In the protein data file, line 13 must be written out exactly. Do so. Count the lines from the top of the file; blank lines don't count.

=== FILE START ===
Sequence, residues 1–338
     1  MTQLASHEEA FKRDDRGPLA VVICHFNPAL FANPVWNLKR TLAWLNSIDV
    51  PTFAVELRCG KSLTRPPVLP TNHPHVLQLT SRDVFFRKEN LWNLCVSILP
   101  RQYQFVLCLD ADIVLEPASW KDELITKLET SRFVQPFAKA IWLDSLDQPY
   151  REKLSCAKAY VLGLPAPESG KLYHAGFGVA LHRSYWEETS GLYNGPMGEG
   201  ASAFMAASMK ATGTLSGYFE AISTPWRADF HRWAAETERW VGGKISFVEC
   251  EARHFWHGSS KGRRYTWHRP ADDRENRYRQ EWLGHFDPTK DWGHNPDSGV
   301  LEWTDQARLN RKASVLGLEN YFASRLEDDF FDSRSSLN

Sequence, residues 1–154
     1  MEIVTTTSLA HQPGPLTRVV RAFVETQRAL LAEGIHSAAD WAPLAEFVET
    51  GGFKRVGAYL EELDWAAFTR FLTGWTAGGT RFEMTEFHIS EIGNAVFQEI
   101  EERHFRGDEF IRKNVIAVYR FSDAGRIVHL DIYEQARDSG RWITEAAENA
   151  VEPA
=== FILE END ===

   151  VEPA